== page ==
Indexed on: 05 Nov '14Published on: 05 Nov '14Published in: Psychopharmacology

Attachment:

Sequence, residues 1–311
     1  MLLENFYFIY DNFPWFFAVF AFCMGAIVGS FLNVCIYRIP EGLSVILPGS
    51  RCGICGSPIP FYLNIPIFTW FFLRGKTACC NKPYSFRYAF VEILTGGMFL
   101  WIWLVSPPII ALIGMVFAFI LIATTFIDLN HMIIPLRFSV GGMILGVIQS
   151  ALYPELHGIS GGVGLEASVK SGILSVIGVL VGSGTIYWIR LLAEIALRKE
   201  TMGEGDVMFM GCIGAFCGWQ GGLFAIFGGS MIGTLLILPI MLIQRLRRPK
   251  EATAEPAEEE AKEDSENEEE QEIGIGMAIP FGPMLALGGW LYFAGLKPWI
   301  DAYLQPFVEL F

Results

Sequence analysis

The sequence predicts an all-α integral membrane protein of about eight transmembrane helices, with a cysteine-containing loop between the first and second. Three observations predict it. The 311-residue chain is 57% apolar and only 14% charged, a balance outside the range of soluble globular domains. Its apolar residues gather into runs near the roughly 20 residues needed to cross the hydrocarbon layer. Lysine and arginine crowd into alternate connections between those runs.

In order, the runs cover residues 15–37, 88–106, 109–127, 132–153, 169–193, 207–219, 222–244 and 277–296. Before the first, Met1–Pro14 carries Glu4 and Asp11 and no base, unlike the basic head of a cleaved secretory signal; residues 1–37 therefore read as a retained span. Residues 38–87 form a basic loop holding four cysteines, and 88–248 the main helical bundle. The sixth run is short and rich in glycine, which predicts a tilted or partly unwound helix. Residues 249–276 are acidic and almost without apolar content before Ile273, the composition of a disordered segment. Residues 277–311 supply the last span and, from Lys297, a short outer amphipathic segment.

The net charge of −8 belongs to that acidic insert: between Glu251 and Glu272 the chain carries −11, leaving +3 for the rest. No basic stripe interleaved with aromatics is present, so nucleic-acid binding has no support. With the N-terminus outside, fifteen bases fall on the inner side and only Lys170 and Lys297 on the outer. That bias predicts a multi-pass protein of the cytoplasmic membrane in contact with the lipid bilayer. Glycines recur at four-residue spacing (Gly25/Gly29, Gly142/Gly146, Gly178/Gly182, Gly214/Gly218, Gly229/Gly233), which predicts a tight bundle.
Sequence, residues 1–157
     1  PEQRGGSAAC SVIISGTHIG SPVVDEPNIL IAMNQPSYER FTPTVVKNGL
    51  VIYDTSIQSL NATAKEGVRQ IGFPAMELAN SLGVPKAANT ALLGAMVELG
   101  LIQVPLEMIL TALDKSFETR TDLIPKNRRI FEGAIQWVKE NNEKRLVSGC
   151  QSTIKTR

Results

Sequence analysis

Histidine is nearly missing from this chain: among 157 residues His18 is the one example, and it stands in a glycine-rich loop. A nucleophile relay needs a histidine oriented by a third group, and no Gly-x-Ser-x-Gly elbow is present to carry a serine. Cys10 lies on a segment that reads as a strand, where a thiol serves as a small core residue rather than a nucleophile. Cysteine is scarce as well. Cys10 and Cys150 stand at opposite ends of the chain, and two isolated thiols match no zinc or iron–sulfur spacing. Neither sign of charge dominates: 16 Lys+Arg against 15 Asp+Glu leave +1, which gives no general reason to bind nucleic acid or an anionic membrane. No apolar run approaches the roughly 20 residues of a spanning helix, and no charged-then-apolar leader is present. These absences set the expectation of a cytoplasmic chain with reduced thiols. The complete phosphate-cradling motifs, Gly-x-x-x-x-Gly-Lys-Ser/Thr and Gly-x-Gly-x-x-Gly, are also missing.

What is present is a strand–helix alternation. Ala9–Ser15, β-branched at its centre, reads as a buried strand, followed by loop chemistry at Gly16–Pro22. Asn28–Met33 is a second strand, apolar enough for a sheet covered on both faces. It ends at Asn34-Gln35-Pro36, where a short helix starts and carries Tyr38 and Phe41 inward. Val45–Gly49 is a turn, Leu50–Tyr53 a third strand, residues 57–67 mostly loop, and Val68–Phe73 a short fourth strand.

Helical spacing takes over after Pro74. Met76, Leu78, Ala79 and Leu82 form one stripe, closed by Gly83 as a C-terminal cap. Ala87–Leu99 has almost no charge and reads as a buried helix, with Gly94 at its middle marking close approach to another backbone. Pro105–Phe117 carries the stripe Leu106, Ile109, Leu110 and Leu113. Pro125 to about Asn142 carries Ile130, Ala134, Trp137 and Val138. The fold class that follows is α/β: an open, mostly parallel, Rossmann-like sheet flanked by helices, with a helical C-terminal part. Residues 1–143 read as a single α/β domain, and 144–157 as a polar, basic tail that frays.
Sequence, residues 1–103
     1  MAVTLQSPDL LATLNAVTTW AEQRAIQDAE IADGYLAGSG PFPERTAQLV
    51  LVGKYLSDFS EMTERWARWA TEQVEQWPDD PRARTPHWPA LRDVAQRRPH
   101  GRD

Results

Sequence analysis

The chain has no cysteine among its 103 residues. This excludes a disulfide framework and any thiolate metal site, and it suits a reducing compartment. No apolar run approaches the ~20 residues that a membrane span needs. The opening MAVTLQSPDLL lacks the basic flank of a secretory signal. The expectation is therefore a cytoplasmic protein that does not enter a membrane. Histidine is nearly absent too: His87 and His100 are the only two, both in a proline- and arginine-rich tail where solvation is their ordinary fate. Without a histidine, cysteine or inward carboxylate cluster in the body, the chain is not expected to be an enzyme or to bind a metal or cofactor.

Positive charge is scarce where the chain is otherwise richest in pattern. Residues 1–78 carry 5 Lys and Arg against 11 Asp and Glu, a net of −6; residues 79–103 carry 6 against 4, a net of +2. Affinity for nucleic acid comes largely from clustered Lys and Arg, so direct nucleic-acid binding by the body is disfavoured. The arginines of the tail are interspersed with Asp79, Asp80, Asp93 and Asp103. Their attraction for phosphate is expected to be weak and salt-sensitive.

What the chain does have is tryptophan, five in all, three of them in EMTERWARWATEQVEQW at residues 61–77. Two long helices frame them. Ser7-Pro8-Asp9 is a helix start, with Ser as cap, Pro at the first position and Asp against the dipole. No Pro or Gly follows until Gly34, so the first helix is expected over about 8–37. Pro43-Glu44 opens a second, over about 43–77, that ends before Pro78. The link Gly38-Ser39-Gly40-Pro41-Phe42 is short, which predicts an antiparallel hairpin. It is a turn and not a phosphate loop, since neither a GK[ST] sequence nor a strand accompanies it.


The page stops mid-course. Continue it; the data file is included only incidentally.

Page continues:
Animal models that allow concurrent access to drug and nondrug reinforcers provide unique insight into the etiology, maintenance, and treatment of drug use.We sought to develop and utilize a concurrent access procedure with nicotine and sucrose in rats.Pressing one lever delivered intravenous nicotine, and pressing another lever delivered sucrose pellets, with both reinforcers freely available throughout daily sessions.Rats that had been pretrained with nicotine on some days and sucrose on other days responded on both levers when subsequently given concurrent access, but almost all responded at substantially higher rates on the sucrose lever. In contrast, rats pretrained exclusively with nicotine before being given concurrent access showed individual differences, with about half responding more on the nicotine lever. Treatment with the nicotinic receptor partial agonist varenicline selectively decreased nicotine self-administration. Food restriction and removal of the sucrose lever both increased nicotine self-administration.The finding that rats continue to take nicotine when sucrose is concurrently available-and in many cases take it more frequently than sucrose-demonstrates that nicotine self-administration does not only occur in the absence of alternative reinforcement options. As a model of human nicotine use, concurrent access is more naturalistic and has higher face validity than procedures in which only one reinforcer is available or choosing one reinforcer precludes access to other reinforcers. As such, this procedure could be useful for evaluating therapeutic agents and improving our understanding of environmental conditions that promote or discourage nicotine use.